In the last section, Hamlet concludes that he unsure to kill himself and risk not knowing the mystery that death would be better than life. The diction and imagery show that he fears death because it is a concept which he does not fully understand. Shakespeare’s diction using “dread” in reference to the afterlife shows that Hamlet no longer believes that death is a peaceful release. He does not look forward to death anymore, but instead is afraid of the unknown and what death has in store for him. Shakespeare uses the visual and tactile image of “fly” (line 82) to describe the transition from life to death. The visual separation from the earth and mortal life and the tactile feeling of weightlessness support the assertion that Hamlet is reluctant to commit suicide because he would be delving into the unknown and would never be able to return to life. In a display of visual imagery, Shakespeare writes that “the native hue of resolution/Is sicklied o’er with the pale cast of thought”. The visual imagery of colors can be seen as a metaphor because the colors are compared to Hamlet’s motivation to commit suicide. At first, Hamlet is set, or resolved, on suicide as a means to end his suffering, but the intensity of his motivation has been diminished by his thoughts. Because he has begun to doubt the benefits of death, Hamlet’s motivation to commit suicide has been greatly reduced and he decides that he would rather live and work out his problems, presumably by the means of revenge. Hamlet turns away from suicide as a means of ridding himself of problems because he is frightened by the unknown.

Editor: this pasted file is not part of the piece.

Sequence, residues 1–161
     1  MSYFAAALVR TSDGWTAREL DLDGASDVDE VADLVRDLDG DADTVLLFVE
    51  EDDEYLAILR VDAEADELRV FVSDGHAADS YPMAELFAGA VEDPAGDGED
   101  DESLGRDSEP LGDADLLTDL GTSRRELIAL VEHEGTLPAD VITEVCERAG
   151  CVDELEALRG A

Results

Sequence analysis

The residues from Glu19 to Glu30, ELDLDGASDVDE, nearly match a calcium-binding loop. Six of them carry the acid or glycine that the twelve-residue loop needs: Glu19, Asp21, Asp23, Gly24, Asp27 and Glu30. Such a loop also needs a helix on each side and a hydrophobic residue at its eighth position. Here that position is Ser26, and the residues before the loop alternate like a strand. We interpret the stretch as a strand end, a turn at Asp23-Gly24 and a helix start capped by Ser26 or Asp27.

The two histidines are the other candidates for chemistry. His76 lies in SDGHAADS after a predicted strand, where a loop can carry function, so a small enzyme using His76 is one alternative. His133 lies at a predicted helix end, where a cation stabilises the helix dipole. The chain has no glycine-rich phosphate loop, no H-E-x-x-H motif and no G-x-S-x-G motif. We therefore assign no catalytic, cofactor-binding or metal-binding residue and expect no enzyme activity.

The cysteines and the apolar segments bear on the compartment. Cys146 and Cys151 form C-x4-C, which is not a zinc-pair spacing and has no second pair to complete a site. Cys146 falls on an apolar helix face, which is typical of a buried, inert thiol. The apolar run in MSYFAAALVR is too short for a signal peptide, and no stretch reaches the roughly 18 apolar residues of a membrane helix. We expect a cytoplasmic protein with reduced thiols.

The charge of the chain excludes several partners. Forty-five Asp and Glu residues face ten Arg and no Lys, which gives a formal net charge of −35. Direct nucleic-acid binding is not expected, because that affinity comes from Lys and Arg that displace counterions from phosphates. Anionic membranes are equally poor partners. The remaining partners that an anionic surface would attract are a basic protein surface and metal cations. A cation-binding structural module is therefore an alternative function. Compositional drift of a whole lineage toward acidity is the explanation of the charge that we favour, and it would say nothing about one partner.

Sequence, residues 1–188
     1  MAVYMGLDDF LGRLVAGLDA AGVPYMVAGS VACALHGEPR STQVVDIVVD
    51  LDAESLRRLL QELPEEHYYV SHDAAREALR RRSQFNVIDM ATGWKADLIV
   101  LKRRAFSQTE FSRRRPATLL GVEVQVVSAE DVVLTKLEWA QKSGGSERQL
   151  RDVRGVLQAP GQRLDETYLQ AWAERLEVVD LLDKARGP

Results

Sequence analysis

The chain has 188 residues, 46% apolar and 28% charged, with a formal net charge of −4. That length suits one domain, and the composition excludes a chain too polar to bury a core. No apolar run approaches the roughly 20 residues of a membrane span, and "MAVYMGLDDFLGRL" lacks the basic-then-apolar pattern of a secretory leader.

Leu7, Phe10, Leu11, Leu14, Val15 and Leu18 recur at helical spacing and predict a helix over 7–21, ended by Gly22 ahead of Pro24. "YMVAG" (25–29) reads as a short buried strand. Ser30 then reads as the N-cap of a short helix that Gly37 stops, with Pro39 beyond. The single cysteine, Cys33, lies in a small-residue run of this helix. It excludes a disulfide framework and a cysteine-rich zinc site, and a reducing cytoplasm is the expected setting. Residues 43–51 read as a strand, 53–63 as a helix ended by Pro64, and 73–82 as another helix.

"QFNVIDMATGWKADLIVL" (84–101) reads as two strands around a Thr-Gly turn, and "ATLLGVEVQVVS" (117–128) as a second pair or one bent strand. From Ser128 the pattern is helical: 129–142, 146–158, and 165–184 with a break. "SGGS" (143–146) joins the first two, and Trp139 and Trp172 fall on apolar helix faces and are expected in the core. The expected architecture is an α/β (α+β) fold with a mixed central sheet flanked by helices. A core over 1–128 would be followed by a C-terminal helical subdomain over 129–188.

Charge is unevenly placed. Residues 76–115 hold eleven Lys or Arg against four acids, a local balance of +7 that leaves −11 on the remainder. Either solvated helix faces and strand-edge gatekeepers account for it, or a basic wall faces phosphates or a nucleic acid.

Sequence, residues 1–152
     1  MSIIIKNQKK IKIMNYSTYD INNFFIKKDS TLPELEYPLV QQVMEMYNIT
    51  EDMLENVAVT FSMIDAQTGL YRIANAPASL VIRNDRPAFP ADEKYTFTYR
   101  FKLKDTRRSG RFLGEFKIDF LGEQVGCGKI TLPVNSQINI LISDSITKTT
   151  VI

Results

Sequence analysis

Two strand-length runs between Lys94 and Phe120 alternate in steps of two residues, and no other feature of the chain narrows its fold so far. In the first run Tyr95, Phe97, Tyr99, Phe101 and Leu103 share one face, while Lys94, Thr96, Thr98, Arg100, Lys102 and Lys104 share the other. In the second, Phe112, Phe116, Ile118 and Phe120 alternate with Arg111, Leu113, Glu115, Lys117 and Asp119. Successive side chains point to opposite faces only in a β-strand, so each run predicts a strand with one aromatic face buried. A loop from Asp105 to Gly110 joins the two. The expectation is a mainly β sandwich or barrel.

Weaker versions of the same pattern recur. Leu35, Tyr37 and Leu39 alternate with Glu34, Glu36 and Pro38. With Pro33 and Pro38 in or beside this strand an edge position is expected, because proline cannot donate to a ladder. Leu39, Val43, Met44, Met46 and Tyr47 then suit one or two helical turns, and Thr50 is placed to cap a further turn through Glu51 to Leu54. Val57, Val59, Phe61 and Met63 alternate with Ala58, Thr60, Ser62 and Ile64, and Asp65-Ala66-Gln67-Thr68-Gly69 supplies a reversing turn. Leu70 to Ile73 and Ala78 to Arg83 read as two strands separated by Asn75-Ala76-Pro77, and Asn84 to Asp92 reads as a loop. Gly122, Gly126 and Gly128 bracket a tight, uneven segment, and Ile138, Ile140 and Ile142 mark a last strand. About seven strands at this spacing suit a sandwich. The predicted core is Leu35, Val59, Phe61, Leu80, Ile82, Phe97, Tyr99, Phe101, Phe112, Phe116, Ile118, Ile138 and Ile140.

Hamlet’s attitude towards death shifts as he realizes that death is final and he is unsure he wants to achieve it because it may not be better than life. He believes his life is not what he wanted and not as ideal as he wishes, but he also recognizes that death is not the best solution to his problems because of uncertainty of the afterlife. Death is a frightening unknown to Hamlet, and the thought of dying by his own hand makes Hamlet uneasy because he does not know what death entails.